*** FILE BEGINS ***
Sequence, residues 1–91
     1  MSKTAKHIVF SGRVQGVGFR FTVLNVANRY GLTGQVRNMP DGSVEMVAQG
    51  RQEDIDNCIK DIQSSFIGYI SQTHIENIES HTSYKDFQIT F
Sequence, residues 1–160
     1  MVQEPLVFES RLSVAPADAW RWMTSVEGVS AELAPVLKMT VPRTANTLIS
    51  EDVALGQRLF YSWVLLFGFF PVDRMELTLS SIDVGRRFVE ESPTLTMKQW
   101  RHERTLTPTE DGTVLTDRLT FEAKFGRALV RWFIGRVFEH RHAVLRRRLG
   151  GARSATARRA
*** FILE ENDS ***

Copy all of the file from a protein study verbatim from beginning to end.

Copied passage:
Sequence, residues 1–91
     1  MSKTAKHIVF SGRVQGVGFR FTVLNVANRY GLTGQVRNMP DGSVEMVAQG
    51  RQEDIDNCIK DIQSSFIGYI SQTHIENIES HTSYKDFQIT F
Sequence, residues 1–160
     1  MVQEPLVFES RLSVAPADAW RWMTSVEGVS AELAPVLKMT VPRTANTLIS
    51  EDVALGQRLF YSWVLLFGFF PVDRMELTLS SIDVGRRFVE ESPTLTMKQW
   101  RHERTLTPTE DGTVLTDRLT FEAKFGRALV RWFIGRVFEH RHAVLRRRLG
   151  GARSATARRA